The United States has gone through a wrenching debate over the reform of health care. The new bill cut to the essence of the United States as a republic and the sole of its citizens. This has been high stakes change management. What can the business world learn from this as a case study?
There is an alternative to Private Insurance
The first step in implementing change is for the leader to articulate a vision – what will the new world look like? President Obama’s vision a year ago had tenets such as “single payer and public option”. This is not idealism; it is real life practice that is the norm in most western democracies. It is an alternative and in places like Canada it is less costly and produces better outcomes. Although open to interpretation, here are some numbers.
- Spending as a % of GDP: in US 15%, in Canada10%
- Spending per capita: in US, in Canada $6700 $3700
- Life expectancy - age: in US, in Canada 78.5 80.5
- Very satisfied: in US, in Canada 25% 57%
- Very dissatisfied: in US, in Canada 44% 17%
The gap exists for two reasons:
1. Administration: A single payer dramatically reduces burdensome administration. In the US this activity constitutes about 1/3rd of the cost of health care. In Canada it’s a little more than 1/10th. In other words, the single payer approach would save the US about 20+ percentage points on cost. That adds up when you’re talking about trillions of dollars.
2. Treatment: In Canada there are fewer medical resources than in the US – people, equipment, supplies, facilities. This means priorities are required in the allocation of these scarce resources. In the US, where there has always been a luxury of supply, this idea of “allocation” is interpreted as “rationing”.
America was looking for a new model for health care. Canada provides an alternative, but Americans didn’t choose it. They came up with a framework that is uniquely American; a solution that does not look like the starting vision that included single payer and a public option. Erosion of the vision is a common result in the change business. What happened?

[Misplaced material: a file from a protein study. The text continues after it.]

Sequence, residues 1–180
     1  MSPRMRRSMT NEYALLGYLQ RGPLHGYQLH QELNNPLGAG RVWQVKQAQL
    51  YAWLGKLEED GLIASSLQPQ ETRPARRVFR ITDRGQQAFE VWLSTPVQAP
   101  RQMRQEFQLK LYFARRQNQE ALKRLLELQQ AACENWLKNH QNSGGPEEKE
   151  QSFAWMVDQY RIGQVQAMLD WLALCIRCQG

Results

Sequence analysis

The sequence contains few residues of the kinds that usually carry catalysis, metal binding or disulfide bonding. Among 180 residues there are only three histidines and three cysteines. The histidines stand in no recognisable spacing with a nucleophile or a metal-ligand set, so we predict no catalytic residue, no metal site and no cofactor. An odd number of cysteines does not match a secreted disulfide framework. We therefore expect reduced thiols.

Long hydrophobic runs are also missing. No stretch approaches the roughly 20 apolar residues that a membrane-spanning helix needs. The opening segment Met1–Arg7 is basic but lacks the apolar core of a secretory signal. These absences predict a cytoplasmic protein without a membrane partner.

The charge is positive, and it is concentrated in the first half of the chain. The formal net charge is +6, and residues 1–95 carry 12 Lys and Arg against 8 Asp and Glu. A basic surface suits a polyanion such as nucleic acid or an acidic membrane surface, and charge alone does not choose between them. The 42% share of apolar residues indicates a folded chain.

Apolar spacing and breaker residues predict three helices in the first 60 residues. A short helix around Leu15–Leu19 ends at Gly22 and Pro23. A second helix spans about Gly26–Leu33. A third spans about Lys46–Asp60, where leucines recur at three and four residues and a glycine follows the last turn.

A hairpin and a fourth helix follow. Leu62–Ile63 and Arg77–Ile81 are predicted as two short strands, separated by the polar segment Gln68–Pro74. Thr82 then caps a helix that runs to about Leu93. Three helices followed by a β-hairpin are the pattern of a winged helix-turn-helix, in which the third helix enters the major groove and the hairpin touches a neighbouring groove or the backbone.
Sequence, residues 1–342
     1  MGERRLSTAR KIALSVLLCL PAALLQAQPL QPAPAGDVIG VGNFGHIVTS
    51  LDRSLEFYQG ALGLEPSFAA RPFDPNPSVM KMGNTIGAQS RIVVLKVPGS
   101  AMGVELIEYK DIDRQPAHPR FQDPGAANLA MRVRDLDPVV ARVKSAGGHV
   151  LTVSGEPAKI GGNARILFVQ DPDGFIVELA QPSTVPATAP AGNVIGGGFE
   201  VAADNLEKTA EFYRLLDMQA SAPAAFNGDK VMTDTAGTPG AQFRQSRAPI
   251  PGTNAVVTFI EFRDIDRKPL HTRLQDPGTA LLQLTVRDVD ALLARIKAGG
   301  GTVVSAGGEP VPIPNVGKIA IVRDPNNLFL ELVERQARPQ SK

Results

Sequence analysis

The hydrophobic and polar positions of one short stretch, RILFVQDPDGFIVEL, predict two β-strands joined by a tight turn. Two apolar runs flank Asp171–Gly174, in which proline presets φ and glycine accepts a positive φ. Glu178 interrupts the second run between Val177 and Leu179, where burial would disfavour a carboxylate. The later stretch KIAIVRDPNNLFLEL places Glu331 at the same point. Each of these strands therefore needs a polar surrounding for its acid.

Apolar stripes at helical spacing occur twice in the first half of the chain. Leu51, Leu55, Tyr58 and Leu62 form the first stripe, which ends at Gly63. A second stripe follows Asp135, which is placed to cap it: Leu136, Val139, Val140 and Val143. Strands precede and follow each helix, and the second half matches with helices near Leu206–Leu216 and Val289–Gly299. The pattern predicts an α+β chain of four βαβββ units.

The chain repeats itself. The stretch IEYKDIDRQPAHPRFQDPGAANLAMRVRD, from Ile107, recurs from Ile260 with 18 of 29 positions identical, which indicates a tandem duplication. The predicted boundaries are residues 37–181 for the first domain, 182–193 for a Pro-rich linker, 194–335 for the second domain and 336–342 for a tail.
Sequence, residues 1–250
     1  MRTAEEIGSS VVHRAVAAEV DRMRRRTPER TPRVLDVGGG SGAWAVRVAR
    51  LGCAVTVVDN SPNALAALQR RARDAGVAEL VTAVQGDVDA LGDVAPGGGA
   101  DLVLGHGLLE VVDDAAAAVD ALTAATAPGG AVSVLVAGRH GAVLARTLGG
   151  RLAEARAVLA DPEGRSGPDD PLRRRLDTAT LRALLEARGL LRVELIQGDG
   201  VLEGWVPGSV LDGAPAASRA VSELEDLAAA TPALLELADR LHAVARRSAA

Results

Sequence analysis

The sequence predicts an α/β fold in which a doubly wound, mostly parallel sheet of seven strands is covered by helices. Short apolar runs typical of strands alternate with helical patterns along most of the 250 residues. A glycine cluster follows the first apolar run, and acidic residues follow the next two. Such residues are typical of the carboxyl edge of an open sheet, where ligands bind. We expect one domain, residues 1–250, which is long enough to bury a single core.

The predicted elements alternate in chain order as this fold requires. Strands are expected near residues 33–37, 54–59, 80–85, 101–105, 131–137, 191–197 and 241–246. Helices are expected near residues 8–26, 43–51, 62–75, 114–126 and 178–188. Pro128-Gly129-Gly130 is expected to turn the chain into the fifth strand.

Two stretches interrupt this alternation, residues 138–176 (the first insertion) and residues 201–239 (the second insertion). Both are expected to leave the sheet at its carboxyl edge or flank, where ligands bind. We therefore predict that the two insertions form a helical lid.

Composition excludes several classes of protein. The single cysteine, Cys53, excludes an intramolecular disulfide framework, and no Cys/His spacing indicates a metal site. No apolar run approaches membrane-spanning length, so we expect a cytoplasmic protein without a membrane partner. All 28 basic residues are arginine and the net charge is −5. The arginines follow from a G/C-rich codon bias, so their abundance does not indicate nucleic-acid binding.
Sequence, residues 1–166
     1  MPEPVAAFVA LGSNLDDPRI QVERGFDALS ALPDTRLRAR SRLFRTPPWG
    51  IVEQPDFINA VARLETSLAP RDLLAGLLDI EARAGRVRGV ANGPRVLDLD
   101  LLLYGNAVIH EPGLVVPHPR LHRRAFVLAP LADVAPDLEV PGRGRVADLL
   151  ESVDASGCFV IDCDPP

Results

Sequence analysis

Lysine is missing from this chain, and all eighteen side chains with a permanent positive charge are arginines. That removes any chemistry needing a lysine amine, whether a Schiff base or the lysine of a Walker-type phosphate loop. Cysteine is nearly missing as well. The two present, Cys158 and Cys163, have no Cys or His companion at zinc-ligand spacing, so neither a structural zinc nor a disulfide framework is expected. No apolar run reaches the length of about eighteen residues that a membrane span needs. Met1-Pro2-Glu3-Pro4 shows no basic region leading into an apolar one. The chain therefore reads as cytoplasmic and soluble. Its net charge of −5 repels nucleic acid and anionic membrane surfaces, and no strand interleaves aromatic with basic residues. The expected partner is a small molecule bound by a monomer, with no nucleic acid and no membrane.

In my view The Administration did not recognize the enormity of the change it was proposing. How do you radically change the private health insurance sector in the US. It’s fundamental to the American DNA of individualism and capitalism. The orthodoxy is that corporations have the right to make profits and individuals have the opportunity to earn money to provide for their health care.
Such a discontinuous change requires strong, directive leadership. Although bipartisanship is a rhetorical principal of the American political system it is not an ally to radical change. The effort to develop consensus opened the door to incrementalism, which is resistance in disguise. Ultimately the bill that got passed did not please anyone.
Most changes fail – even when the sponsors don’t admit it. This result comes from not understanding the nature of change and the leadership style required to implement change.
The US health care debate highlighted principles that CEO’s should take to heart.
- Know your organization’s DNA. Resistance is directly related to how hard you swim against the organization’s heritage.
- Know the type of change you seek – continuous means incremental, discontinuous means breaking with the past.
- Know your leadership style. Don’t attempt discontinuous change if you are a consensus builder.
In our culture it is unnatural for leaders to adopt a harsh style. Everyone wants to be loved. That implies that most changes will be incremental. CEO’s should know this before they set their visions for change and underlying migration paths.